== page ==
As much as I love the ironic image of early 20th century American roots music pouring out of a Connemara cottage, I can’t agree that “Haven” entirely uproots We Banjo 3 into reverse-diaspora. Galway can still be heard in subtleties of these new original tracks, and that’s what brings them to life. “Dawn Breaks,” for instance, which is my favorite track on the album, begins just like a Lunasa set (fitting, given Lunasa’s Trevor Hutchinson joins in on bass in this track) with a lively pair of Irish jigs, then easily dances off into a bluegrass tune, takes dramatic pause and finally, swiftly swings back to a reel. This quick back and forth across the Atlantic is where the genius of We Banjo 3’s vision lies, where bluegrass and trad literally come head to head and do-si-do. To say that the album isn’t trad—although a bold testament to the band’s new venture—potentially does “Haven” a disservice. The band’s Irish musical roots attest to complexity of the album’s instrumental style and point to its most vivid loci of energy. After all, an Irish background is what makes the We Banjo 3’s approach to Americana noteworthy; the outside perspective, it would seem, can more clearly see the genre’s creative potential. The feel-good song “Light in the Sky,” for example, is crisp, detailed, and jubilant, performed with the vision and naivete of a tourist, who excitedly zeroes in on every tiny feature of his new surroundings. Although “Haven” sounds less Irish and decidedly more grass and roots, its spirit ironically mirrors the awestruck Irish émigré, newly arrived in America.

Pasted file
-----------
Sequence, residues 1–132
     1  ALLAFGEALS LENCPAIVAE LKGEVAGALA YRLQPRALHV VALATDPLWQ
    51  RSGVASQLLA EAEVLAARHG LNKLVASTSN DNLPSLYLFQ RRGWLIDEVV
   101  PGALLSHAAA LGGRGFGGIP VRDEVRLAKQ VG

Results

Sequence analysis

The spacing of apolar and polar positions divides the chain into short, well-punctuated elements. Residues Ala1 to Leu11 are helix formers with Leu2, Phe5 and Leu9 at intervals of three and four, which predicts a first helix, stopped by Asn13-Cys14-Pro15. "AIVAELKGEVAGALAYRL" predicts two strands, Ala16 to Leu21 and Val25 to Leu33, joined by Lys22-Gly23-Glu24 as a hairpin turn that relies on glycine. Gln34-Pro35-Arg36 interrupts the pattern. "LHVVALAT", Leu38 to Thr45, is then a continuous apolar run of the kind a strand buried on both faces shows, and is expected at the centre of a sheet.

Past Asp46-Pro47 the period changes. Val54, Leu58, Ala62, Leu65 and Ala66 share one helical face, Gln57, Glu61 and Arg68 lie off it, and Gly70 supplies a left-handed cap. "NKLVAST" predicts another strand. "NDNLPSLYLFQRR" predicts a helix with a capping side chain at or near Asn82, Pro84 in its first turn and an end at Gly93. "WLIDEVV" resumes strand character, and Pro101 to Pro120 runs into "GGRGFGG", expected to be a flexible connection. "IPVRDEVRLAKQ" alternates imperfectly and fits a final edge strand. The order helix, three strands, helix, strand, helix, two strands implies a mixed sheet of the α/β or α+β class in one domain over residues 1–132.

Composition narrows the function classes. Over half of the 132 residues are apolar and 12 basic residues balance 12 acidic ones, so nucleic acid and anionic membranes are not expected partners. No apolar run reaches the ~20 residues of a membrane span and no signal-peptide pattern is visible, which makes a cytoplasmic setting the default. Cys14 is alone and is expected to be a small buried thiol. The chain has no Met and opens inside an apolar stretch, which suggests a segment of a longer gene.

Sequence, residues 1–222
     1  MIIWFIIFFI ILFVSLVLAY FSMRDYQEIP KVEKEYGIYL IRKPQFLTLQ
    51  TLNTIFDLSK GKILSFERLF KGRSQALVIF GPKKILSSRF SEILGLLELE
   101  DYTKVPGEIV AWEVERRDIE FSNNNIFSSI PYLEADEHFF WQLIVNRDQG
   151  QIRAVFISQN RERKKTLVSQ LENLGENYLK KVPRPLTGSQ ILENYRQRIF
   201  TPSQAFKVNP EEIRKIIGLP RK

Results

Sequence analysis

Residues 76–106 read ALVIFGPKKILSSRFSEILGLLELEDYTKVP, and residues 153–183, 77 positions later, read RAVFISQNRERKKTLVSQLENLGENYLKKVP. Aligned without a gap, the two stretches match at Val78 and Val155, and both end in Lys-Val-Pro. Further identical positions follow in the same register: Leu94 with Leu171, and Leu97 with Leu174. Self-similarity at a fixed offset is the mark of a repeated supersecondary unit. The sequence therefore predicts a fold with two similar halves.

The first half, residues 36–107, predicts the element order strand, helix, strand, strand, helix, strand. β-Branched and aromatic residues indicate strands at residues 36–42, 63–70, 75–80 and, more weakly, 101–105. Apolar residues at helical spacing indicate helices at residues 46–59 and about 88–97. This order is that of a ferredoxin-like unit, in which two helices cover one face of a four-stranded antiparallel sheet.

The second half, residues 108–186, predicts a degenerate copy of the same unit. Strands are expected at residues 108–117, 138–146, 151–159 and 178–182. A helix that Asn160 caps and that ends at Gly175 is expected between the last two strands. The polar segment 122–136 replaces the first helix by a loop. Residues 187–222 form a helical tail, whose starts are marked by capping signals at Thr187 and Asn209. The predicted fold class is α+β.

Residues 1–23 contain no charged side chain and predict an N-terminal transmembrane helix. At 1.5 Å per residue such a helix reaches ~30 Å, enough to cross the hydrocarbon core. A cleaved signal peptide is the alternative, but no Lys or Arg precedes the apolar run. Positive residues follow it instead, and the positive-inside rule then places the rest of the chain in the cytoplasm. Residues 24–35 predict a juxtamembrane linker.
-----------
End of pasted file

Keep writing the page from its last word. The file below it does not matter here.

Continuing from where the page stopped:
But the most profound irony of We Banjo 3 is this: to the American listener, these four Irish musicians re-familiarize us with American history, and consequently, patriotism. One cannot help but feel a fondness for American culture when these four Irish men play their own original Americana music. “Haven,” more so than any of their previous albums, escapes into a better, if imaginary, America. There is history, hopefulness, nostalgia and unadulterated mirth in these tracks. “Sugar House” places you squarely in a barn dance, with light, playful instrumentation. This is something of which the two sets of brothers are particularly proud; they are happy their shows can provide fans escape from what they call an increasingly “maddening world.”

Having just finished my fourth listen of the album, however, I can’t help but wonder if “Haven”—as heavenly as it is—comprises escapism. We Banjo 3’s music is so alive, so active and vivid, that it plants you squarely, buoyantly in the present moment. Perhaps their concerts let us escape the madness of our present world and time, politically-speaking, but they also remind us that the good parts of the past are never past, only rejuvenated through culture and creativity. This music places us in our moment while also recalling tradition, and thus assures us there is plenty of good remaining in this world—good community, good fellow feeling, good energy, and plenty of good tunes.